10 U238-Th230 method: ~600,000 yrs for Boggs (2001) Cave carbonate deposits 11 Radiometric methods
Carbon-14 method (sediments), good for 100 < age < 40,000 years.
Impact of cosmic-ray neutrons on ordinary 14N atoms produces 14C in the atmosphere. 14C 14 14 atoms in turn decays backs to N. C is incorporated into carbon dioxide (CO2), which is assimilated by plants and animals during their life cycles. The age of a sample is determined by measuring the amount of radiocarbon per gram of total carbon in a sample and comparing this with the initial amount at the time the organism died. The age equation is:
3 t = 19.053 + 10 log (A0/A) years where A is the measured activity of the sample at the present moment in disintegrations per minute per gram of carbon and A0 is the initial activity.
Thorium-230 method (sediments)
238U decays through several intermediate daughter products, including 234U, to thorium-230. 230Th is an unstable isotope and itself decays with a half-life of 75,000 years to still another unstable daughter product, radium (鐳)-226. Owing to this fairly rapid decay of 230Th, cores of sediments taken from ocean floor exhibit a measurable decrease in 230Th content with increasing depth in the cores. Assuming that sedimentation rates and the rates of precipitation of 230Th have remained fairly constant through time, the concentration of 230Th should decrease exponentially with depth. The ages of the sediments at various depths in a core can be calculated by comparing the amount of remaining 230Th at any depth to the amount in the top layer of the core (surface sediments). 12 Thorium-230/Protactinium (鏷) -231 ratio method (sediments) 231Pa is the unstable daughter product of 235U. Because 231Pa decays about twice as rapidly as 230Th, the 231Pa/230Th ratio in the sediments changes with time. The age of sediment with depth can be determined in a similar manner to the above Thorium-230 method.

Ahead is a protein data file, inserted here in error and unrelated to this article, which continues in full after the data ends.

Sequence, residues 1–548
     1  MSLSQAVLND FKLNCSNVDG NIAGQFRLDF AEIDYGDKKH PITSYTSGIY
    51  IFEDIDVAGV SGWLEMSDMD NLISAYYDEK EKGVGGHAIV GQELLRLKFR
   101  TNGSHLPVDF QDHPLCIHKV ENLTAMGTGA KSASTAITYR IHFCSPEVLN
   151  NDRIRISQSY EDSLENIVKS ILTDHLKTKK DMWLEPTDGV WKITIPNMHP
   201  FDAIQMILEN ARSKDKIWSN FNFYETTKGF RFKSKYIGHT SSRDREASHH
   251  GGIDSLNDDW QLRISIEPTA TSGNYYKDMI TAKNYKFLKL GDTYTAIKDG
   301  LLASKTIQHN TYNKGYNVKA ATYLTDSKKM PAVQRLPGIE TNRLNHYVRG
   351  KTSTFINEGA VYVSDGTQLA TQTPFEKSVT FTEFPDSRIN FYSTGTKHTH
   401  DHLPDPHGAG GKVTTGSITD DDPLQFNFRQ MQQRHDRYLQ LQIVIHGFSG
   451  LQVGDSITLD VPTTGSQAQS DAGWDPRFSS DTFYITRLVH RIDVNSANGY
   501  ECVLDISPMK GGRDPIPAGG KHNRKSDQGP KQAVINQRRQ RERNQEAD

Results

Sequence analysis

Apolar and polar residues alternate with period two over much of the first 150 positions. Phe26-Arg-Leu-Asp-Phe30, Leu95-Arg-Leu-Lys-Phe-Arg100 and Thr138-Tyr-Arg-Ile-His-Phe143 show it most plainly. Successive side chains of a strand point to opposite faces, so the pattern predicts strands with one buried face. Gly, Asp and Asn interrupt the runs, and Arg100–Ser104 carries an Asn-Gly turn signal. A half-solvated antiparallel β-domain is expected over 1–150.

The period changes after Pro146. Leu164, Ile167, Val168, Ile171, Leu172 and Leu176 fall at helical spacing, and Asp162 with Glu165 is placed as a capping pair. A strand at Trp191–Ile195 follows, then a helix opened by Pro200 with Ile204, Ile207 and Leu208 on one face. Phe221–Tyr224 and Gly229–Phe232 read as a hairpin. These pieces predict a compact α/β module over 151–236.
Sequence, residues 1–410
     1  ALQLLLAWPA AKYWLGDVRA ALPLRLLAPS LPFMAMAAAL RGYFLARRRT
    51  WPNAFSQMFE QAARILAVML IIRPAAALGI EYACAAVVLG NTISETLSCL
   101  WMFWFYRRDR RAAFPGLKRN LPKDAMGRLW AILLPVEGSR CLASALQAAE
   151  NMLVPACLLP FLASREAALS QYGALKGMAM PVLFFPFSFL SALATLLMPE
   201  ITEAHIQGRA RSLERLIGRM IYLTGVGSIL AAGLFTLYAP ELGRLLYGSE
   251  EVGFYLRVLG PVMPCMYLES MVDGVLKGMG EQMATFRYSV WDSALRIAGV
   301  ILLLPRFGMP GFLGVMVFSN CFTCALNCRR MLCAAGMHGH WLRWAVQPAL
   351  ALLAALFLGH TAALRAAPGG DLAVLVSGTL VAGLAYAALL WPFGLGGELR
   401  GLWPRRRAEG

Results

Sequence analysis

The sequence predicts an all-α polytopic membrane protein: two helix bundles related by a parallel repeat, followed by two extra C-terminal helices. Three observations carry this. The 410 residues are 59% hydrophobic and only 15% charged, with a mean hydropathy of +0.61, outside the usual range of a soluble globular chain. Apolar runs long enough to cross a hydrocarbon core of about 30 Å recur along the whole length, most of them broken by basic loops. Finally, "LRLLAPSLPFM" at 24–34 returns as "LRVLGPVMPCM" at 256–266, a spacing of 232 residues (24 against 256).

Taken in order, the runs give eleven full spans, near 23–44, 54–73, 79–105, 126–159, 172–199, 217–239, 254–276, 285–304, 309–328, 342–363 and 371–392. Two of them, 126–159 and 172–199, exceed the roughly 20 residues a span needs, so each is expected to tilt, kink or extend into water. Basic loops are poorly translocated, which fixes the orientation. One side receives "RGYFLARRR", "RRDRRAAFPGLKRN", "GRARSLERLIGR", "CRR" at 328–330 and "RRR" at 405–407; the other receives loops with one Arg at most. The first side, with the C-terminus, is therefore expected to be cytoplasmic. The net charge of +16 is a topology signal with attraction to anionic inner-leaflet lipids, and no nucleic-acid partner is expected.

Potassium-40/Argon-40 (K-Ar) method (igneous and metamorphic rocks or some sedimentary minerals, e.g. glauconite): drawback: argon-40 is a gas that can leak out of a crystal.
Argon-40/Argon-39 (Ar-Ar) method (igneous and metamorphic minerals) Increasingly used. Advantages: 1. using very small sample, e.g. single mineral crystal; 2. allowing correction for loss of argon by leakage.
Rubidium-87/Strontium-87 (Rb-Sr) method Less commonly used because 87Rb is very rare.
Uranium/Lead (U-Pb) method
Fission-track dating Counting fission tracks in minerals such as zircon. Emission of charged particles from decaying nuclei causes disruption of crystal lattices, creating the tracks, which can be seen and counted under a microscope. 13 ☆ Dating sedimentary rocks
Types of rocks useful for geochronologic calibration of the geologic time table
14 1. Finding ages of sedimentary rocks by analyzing interbedded “contemporaneous” volcanic rocks
2. Bracketed ages from associated igneous or metamorphic rocks.
3. Direct radiochronology of sedimentary rocks a. Carbon-14 method b. Potassium-40/Argon-40 (K-Ar) as well as Rubidium- 87/Strontium-87 (Rb-Sr) methods for glauconites. c. Thorium-230 method for ocean floor sediments d. Thorium-230/Protactinium-231 ratio method for fossils and sediments
15 Dating for sediments of age less than a few hundred years
30.3 yrs 53 days
After around 7 half-lives most of radioactive elements decay completely 16 Methods using fallout radionuclides in recent marine sediments
210 Pb, 137Cs and 239,240Pu as tracers.
Pb-210 is a naturally occurring radioactive element that is part of the Uranium-238 Radioactive decay series, and has a half life of 22.3 years. To determine the amount of Pb- 210, the alpha radiation emitted by another element, polonium-210 (Po-210), is measured.50 210Pb is the most commonly used chronometer (using 210 Pb profile) for estimating sedimentation rates in near-shore environments. To constrain 210Pb based sedimentation rates, distributions of 137Cs and Pu are also measured.
An example from the East China Sea
Sedimentation rate in cm per year 17 From Hu and Su (1999) Marine Geology, 160, 183-196.